The purpose of this module is to develop an understanding of the cultural make-up of the Red River Settlement, 1869–1870. Research reveals that during this period, the permanent residents of the settlement were primarily Métis people — in other words, they made up a predominant demographic at Red River.

Censuses are primary sources used to research the demographic make-up of the settlement.[i] Analysing demographics is one way to study of the lives of ‘ordinary people’ of the past — individuals for whom little in the way of written descriptions of their lives exist.[ii] Censuses that record such characteristics as country of origin, nationality, and religion are useful in tracing the cultural influences at work in a population. Censuses taken at Red River Settlement are revealing in this respect, but they also have limitations. Censuses were designed for specific purposes and therefore did not record everything. In some instances, details about people were recorded as falling under ambiguous categories such as ‘other’ and ‘unknown.’[iii]

Related Media

Sauteaux [Saulteaux] Indians (rabbit skin dresses) opposite Fort Garry

Panoramic view of Fort Garry and St. Boniface

St. Boniface, Red River Settlement

Fort Garry and the Steamer "International"

[i] On the uses made of censuses, see Bruce Curtis, The Politics of Population: State Formation, Statistics, and the Census of Canada, 1840-1875 (Toronto: University of Toronto Press, 2001). Curtis examines census-making as a historical process closely related to nation-state formation and a consequent desire for population control. He traces the history of Canadian censuses through analysis of enumerations made in 1841/2, 1847/8, 1850/1/2, 1860/1, and 1865/71. He demonstrates that populations were imagined properties that were open to manipulation through the use of statistics. In turn, Curtis shows that statistical analysis was a mathematical exercise with an imaginary aspect of its own. Statistics represented the translation — which is a subjectively determined act — of actual but qualitatively ambiguous subjects into highly defined objects amenable to quantification. In the 19th century, this statistical translation was reified as a means of establishing truth scientifically. Curtis argues that social construction is highly evident in census making. In the past, human beings were abstracted and positioned in virtual time and space in order that their social relations could be disciplined, and this disciplining could be justified on the basis of empirical evidence. Curtis demonstrates that there was nothing neutral or impartial about the census making endeavor in the 19th-century Canadian context.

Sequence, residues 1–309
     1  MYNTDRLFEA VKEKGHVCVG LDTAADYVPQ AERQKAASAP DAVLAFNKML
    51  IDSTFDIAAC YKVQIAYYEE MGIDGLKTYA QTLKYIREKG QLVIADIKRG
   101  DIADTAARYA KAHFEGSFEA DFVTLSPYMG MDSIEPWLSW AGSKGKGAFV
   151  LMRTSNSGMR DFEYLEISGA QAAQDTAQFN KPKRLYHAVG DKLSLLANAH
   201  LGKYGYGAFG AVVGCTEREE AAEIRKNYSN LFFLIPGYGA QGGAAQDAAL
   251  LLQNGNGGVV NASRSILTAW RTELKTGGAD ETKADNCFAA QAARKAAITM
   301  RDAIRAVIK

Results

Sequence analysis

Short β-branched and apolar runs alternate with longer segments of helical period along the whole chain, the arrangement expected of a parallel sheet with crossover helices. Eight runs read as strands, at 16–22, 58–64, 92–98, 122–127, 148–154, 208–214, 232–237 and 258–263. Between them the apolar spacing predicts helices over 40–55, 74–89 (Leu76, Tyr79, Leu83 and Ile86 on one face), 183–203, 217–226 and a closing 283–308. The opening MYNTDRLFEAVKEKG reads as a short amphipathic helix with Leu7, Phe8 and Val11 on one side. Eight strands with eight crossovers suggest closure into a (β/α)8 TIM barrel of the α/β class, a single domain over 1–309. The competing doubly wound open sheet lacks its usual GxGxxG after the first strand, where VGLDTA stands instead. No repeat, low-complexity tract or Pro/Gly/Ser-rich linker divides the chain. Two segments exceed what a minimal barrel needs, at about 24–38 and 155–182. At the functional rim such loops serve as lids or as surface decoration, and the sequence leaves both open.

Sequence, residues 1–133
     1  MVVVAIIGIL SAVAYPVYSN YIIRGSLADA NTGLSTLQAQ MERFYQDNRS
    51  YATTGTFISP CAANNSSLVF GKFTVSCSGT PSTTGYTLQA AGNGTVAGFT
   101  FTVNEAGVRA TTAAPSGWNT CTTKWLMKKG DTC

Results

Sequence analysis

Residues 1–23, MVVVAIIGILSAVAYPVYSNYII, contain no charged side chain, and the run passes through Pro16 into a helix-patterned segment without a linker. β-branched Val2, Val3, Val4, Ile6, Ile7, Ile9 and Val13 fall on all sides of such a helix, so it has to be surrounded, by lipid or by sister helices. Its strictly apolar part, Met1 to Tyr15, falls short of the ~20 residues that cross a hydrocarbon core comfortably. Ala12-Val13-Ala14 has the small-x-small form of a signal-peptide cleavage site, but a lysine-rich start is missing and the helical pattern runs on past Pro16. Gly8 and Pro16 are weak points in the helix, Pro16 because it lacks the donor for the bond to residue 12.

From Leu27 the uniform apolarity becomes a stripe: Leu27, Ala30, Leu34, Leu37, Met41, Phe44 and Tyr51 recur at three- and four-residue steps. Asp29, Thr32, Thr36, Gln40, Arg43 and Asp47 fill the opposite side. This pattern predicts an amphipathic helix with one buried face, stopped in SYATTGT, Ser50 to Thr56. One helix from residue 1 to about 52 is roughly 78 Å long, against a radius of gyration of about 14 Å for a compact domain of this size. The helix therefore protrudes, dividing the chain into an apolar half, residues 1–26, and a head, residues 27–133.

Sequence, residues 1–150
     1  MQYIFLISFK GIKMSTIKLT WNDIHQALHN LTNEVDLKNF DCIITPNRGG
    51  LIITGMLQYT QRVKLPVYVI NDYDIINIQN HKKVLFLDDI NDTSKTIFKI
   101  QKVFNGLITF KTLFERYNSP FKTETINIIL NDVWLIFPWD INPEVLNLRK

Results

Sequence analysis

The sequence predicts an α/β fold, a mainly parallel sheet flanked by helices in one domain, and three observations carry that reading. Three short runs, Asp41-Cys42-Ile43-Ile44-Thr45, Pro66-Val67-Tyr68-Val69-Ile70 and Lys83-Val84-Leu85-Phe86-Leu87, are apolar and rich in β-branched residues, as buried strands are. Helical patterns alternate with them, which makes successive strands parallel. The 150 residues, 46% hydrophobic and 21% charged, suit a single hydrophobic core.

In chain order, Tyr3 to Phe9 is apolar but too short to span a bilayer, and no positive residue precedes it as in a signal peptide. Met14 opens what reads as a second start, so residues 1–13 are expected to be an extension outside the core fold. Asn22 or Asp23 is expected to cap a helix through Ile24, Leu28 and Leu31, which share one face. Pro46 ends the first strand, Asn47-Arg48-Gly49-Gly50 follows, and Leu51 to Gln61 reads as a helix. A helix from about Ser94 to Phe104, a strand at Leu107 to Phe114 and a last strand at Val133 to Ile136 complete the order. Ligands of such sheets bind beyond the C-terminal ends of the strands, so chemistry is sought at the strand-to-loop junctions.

[ii]Demographic history is the study of historical populations and demographic processes, using censuses or similar statistical data. Other useful primary sources for the Red River Settlement are local registers of births, marriages, and deaths. Beginning in the 1960s, and certainly by the 1970s, demographic history (also known as cliometrics), became an important niche within social history.

[iii] See “Census making and census taking at Red River,” Red River Censuses page, Provisional Government of Assiniboia site.